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There are two modules A and B using the same DB. A imports B as a JAR. I read that messaging patterns can replace the tightly coupled solution of using a shared DB but I am not sure which message pattern I can use.

A high level solution that indicates how we can stop using the shared DB, would be great.

Adding more details as requested:

Imagine A like a huge app (let's say Flickr) and B a plugin for A that periodically runs as a daemon and among other things calculates several user ranks (e.g. user with the most comments, most highly rated pictures, etc.). In order to do that it uses A's DB and does most calculations using stored procedures which again live in A's DB.

The rest of the code is decoupled but I was wondering how I could loose the database dependency, so that any changes in the database schema or implementation won't break B.

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    We'd have to know a little bit about what A and B actually do to offer any advice on what "messaging pattern" might be appropriate. Could you add some more details?
    – Ixrec
    Apr 15, 2016 at 15:42
  • If B relies on a stored procedure to get its data, how would a change in db schema affect your application? It's the stored proc that would have to change. Even if you had an API or Module A created some sort of data file, a change in the schema will possibly necessitate a change in the creation of that file. You haven't really saved yourself from having to address changes.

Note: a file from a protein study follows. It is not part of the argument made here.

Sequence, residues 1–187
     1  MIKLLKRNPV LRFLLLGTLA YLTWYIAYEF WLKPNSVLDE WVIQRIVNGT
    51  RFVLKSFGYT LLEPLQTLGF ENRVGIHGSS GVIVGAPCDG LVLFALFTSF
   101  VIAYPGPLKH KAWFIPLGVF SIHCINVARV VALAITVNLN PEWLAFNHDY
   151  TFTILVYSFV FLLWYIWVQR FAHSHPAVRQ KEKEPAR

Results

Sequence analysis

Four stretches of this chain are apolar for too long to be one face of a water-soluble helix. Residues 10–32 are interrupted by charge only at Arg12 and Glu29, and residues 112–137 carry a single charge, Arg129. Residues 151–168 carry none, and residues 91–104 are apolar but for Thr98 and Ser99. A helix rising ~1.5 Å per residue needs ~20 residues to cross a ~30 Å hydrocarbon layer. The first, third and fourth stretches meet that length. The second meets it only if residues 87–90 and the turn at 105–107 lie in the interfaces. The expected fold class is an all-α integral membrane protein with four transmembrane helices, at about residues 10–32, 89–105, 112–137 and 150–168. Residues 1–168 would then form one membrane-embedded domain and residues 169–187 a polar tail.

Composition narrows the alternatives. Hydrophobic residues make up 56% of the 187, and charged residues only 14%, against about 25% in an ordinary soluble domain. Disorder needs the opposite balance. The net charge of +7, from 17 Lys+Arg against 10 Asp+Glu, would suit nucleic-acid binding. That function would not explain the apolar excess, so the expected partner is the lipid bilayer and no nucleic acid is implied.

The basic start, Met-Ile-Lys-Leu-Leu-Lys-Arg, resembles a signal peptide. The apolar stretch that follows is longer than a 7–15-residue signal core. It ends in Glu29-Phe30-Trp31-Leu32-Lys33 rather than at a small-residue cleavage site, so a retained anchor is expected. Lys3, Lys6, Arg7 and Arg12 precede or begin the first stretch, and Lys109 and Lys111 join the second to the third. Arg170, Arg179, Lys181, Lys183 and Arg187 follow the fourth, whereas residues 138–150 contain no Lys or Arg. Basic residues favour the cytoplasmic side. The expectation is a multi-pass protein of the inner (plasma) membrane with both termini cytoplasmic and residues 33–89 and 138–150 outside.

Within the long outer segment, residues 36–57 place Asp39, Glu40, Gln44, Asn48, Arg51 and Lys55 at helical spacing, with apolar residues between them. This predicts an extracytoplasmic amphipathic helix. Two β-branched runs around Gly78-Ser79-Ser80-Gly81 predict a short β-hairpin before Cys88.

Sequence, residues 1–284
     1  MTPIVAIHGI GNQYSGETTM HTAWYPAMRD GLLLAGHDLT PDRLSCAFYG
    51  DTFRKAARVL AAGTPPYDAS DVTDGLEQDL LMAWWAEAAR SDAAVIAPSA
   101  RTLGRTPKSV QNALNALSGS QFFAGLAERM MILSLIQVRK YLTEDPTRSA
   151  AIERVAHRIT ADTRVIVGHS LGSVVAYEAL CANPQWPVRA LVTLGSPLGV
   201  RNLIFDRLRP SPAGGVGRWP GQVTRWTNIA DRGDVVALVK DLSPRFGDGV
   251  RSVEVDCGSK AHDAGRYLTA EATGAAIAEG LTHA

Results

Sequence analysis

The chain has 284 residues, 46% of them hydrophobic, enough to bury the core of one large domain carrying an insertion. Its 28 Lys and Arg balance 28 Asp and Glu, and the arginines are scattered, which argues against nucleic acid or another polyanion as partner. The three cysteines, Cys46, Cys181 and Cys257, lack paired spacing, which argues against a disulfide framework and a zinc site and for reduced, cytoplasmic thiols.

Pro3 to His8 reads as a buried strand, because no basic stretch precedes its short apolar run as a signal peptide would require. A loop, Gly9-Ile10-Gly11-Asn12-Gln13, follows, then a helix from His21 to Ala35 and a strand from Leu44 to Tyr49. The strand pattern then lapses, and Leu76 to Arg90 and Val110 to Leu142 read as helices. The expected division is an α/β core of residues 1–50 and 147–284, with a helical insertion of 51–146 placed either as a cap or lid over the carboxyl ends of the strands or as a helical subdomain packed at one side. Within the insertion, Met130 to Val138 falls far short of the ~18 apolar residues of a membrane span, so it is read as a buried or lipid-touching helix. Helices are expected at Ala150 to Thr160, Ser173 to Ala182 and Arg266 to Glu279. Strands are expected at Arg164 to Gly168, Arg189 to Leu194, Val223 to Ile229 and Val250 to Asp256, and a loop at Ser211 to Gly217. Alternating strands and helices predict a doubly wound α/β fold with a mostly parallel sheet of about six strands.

– JeffO
    Apr 15, 2016 at 20:45
  • @JeffO Yes, you're right as you put it. I am free to refactor pretty much anything though, including the stored procedures. I am just looking for any solution no matter how far away from the current that could work.
    – Michael
    Apr 17, 2016 at 2:42

1 Answer 1

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Lets to do an exercice of creativity

A's API Rest as webservice: In order to feed B and unbind B from A's data model , we need an interface that will act like a contract. This contract is going to be our webservice data model.

B as standalone app: Lets wrap B into a standalone app that could be executed anywhere. Desktop or web doesn't matter. Lets say desktop in order to launch it via O.S daemon.

Now B is a client of A that ask for its Info with a pacted data model that may or may not be as A data model is.

Point is that webservice's data model can be different from the original one.

Drawbacks:

  • B need its own data model. Absolutly
  • A's webservice data model may change over time. But we invented API rest versions for this cases
  • Access to A's webservice should be securized somehow (little more extra work :-) )
  • If you expect many request from B to A, a system of cache is going to be must (more work, don't hate me)

However we need to know your platform configuration and its boundaries. But this would be a possible aproach.

Hope it helps.

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  • Thanks it does help. Just out of curiosity, do you have an idea of how messaging could possibly help here?
    – Michael
    Apr 17, 2016 at 2:44
  • Yes. Message pattern will do the same but instead of B asking A every X time, A will put a message into a queue (or any other channel), B (who is subscribed to this queue/topic, will consume it). Both aproach, mine and yours can be considered messaging pattern. Checkout Wikipedia definition
    – Laiv
    Apr 17, 2016 at 9:21

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